Every tomato gardener I’ve spoken with who’s planted “Celebrity” can’t say enough good things about it. Strong plants produce firm, large dark-red fruits with exceptional taste that are ripe and ready to pick in just 70 days or so.

Then there’s other red varieties including “Mountain Merit” with good resistance to multiple diseases common in home gardens including late blight. “Mountain Merit” is an all-purpose flavourful tomato perfect for sandwich making and in side dishes. “Mountain Magic” is a good-size cocktail cherry tomato with some pretty high marks. Dark-red fruits can be harvested in clusters, are tolerant to cracking and have a long shelf life. Want to grow a tomato in both the greenhouse and garden? Then red “Sweetheart” is a good choice. It has a remarkable tolerance to cracking and great taste. “Pozzano” (see photo) is an Italian tomato producing elongated attractive fruits that hang in clusters with a slightly narrow waistband in the middle.

All the above tomatoes and many others, plus a large selection of everything from alyssum to zinnia flowers and asparagus to zucchini vegetables and everything in between are available from W.H. Perron & Co. Seeds and Accessories, located in Laval, Que. For customer service or to request a complimentary copy of their Special Edition 90 years of service to Canadians catalogue, phone toll free 1-800-723-9071 or contact via email at [email protected]

Do you avoid cilantro?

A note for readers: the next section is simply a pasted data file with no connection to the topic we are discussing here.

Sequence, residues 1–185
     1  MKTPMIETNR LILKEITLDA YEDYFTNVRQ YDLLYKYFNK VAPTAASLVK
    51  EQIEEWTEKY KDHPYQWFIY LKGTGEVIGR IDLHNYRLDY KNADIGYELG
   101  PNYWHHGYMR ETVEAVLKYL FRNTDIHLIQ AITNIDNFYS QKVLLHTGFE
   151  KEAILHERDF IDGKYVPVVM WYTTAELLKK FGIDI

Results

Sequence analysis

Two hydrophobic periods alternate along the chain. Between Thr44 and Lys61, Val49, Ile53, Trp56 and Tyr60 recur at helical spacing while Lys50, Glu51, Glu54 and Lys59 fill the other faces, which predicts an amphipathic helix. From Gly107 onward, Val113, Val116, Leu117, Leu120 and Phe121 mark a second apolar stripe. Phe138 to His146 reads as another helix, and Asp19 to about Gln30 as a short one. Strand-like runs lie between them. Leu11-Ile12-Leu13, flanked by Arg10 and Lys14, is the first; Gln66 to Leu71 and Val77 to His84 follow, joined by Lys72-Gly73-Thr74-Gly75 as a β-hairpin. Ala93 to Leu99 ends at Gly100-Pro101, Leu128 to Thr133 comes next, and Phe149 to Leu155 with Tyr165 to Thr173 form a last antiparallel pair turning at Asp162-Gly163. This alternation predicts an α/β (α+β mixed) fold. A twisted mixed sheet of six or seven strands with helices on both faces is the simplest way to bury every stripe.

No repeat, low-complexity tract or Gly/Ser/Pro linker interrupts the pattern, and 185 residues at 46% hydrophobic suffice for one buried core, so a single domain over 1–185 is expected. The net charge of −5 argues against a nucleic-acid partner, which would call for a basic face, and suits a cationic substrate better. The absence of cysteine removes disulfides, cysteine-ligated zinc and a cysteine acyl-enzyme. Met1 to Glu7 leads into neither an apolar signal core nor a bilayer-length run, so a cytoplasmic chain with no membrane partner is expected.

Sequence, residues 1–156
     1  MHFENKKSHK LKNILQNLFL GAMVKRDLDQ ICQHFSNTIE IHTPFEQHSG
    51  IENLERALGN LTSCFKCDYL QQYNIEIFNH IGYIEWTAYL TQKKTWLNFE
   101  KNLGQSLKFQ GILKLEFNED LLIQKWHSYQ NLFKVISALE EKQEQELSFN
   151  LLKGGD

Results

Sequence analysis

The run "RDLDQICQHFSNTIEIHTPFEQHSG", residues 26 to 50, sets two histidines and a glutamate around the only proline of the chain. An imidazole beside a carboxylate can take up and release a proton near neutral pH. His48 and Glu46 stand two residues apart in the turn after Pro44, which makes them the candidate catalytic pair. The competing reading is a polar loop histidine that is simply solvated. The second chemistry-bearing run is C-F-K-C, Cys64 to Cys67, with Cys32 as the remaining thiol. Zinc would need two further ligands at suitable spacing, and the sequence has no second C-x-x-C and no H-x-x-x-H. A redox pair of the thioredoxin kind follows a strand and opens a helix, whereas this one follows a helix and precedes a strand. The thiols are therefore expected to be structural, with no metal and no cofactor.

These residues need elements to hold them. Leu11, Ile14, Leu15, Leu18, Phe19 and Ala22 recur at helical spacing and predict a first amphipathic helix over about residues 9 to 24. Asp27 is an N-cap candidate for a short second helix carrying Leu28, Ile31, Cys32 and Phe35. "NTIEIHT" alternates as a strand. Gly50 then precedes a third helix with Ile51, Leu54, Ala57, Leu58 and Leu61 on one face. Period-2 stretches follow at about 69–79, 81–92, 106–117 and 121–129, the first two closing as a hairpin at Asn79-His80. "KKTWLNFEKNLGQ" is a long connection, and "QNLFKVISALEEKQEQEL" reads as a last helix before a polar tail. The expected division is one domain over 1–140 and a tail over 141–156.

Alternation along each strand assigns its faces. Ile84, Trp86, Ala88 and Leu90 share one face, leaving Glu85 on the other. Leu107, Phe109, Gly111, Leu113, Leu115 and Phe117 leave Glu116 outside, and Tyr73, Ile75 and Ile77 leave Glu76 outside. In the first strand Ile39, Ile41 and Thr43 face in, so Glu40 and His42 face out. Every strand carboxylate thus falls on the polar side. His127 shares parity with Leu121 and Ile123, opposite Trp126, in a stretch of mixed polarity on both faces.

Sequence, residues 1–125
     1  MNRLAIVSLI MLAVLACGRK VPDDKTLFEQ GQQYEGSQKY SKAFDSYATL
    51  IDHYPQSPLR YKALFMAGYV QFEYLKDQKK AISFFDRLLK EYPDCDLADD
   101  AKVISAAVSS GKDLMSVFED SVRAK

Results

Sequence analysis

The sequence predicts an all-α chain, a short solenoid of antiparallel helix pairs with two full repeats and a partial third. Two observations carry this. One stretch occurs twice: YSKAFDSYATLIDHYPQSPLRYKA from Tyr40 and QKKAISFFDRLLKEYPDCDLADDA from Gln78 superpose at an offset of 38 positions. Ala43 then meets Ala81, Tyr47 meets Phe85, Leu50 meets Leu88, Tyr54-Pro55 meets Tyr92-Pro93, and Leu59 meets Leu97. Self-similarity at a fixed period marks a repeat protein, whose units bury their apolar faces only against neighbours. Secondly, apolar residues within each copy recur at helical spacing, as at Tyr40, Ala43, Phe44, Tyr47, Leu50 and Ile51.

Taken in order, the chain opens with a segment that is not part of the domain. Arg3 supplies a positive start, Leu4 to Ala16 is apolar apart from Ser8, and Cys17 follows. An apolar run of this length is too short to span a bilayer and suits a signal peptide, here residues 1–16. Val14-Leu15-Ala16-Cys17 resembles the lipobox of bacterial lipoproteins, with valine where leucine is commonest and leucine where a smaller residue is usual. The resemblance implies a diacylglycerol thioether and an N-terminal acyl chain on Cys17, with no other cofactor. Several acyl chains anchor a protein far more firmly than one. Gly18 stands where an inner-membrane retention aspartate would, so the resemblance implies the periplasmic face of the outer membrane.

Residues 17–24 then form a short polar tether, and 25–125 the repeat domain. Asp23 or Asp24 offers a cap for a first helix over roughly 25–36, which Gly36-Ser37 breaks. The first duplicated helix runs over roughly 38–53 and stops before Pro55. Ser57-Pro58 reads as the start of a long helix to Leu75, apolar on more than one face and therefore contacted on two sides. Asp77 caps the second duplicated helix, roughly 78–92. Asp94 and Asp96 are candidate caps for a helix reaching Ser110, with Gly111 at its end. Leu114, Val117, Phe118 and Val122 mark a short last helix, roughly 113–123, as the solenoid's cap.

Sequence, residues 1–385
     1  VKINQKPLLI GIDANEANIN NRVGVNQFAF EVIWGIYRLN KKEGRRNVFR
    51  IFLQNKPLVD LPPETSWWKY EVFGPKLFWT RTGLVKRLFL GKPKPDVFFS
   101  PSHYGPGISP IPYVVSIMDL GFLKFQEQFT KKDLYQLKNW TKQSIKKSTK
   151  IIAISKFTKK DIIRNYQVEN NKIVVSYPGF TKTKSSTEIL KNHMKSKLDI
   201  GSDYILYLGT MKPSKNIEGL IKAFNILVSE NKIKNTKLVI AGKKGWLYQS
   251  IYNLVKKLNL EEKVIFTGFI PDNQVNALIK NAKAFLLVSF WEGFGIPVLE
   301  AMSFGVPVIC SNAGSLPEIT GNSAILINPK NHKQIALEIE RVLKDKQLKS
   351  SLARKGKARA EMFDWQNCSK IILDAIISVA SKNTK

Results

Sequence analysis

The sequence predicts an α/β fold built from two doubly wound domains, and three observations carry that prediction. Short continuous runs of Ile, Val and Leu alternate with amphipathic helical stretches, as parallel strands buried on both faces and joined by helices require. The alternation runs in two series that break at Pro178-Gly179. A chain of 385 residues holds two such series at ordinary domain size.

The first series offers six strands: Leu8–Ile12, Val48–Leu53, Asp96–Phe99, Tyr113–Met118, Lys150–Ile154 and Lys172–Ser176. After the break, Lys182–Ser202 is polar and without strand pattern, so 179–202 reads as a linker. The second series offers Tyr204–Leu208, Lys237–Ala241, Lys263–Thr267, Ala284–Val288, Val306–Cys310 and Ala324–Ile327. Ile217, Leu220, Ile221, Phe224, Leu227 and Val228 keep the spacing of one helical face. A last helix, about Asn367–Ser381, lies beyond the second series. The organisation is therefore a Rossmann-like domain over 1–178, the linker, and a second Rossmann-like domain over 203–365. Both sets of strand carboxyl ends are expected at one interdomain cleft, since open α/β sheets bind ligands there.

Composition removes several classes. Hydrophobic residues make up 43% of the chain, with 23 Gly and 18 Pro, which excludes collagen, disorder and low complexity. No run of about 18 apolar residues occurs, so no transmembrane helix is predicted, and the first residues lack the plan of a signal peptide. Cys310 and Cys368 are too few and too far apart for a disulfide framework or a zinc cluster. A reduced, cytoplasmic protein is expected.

Ninety per cent like it — 10 per cent don’t. Many chefs on cooking shows and recipe writers tout, proclaim and promote the use of cilantro herb in cooking. You’re not alone if you have an aversion to it. Many in the 10 per cent group including yours truly say it tastes like soap or something unpalatable. Studies indicate it may be due to a genetic variant. I equate those same percentages when it comes to dowsing for water but sort of use those percentages in a reversed way. Ten per cent have the gift to locate underground streams by dowsing and 90 per cent are unable to do so. More on water dowsing in a soon-to-read future article.

Are you bilingual?

Here’s an account from things Mother used to say. You can tell it to children if any are hesitant or not wanting to learn another language. The story goes like this. Mother mouse and her family went for a walk one day and met up with a cat. Mother mouse quickly barked “bow-wow!” and the cat ran away. “See children?” said the wise mother. “It pays to know a second language.”

About the author

Columnist

This is Ted Meseyton the Singing Gardener and Grow-It Poet from Portage la Prairie, Man. I salute all gardeners and farmers who help make our world a little safer and more ecologically balanced, and who toil to provide health-giving produce to others who cannot produce their own. It takes all sorts to make a world. One half of the world doesn’t know how the other half lives. The best physicians are Dr. Diet, Dr. Quiet and Dr. Merryman.